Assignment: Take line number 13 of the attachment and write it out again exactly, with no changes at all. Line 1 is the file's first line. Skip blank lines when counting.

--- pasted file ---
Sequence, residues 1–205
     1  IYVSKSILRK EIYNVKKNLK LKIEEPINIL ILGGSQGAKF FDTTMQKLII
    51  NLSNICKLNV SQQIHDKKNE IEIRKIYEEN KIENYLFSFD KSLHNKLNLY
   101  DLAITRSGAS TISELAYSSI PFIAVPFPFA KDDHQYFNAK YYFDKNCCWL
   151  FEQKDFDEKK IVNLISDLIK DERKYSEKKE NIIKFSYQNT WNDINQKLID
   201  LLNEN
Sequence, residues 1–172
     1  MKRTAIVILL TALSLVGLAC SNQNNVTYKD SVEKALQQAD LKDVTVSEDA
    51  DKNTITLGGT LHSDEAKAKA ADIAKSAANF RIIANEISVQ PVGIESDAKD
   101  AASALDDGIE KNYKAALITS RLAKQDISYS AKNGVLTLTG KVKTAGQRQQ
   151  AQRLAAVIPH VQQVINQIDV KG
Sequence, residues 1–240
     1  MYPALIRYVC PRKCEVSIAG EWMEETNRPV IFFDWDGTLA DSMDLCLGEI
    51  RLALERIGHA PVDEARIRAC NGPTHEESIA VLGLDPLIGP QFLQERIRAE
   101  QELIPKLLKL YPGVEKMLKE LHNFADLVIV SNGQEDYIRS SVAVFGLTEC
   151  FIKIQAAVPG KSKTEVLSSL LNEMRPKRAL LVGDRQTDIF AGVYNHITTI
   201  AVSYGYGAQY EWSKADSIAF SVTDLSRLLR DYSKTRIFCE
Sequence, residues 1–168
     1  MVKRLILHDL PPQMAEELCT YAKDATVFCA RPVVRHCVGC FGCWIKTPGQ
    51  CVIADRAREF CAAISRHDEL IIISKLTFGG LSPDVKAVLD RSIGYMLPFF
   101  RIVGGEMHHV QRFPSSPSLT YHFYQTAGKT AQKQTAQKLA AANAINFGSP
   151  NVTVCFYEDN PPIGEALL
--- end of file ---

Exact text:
     1  MYPALIRYVC PRKCEVSIAG EWMEETNRPV IFFDWDGTLA DSMDLCLGEI